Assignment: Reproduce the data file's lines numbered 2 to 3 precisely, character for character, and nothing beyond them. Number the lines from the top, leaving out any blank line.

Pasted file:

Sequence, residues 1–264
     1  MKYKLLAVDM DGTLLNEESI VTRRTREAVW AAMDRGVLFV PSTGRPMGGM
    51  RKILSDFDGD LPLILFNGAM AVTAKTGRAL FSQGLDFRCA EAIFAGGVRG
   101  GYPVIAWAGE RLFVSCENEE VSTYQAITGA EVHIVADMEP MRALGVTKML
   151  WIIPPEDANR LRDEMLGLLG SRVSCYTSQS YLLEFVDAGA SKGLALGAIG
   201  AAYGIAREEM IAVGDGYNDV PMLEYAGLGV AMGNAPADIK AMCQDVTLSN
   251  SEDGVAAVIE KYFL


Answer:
     1  MKYKLLAVDM DGTLLNEESI VTRRTREAVW AAMDRGVLFV PSTGRPMGGM
    51  RKILSDFDGD LPLILFNGAM AVTAKTGRAL FSQGLDFRCA EAIFAGGVRG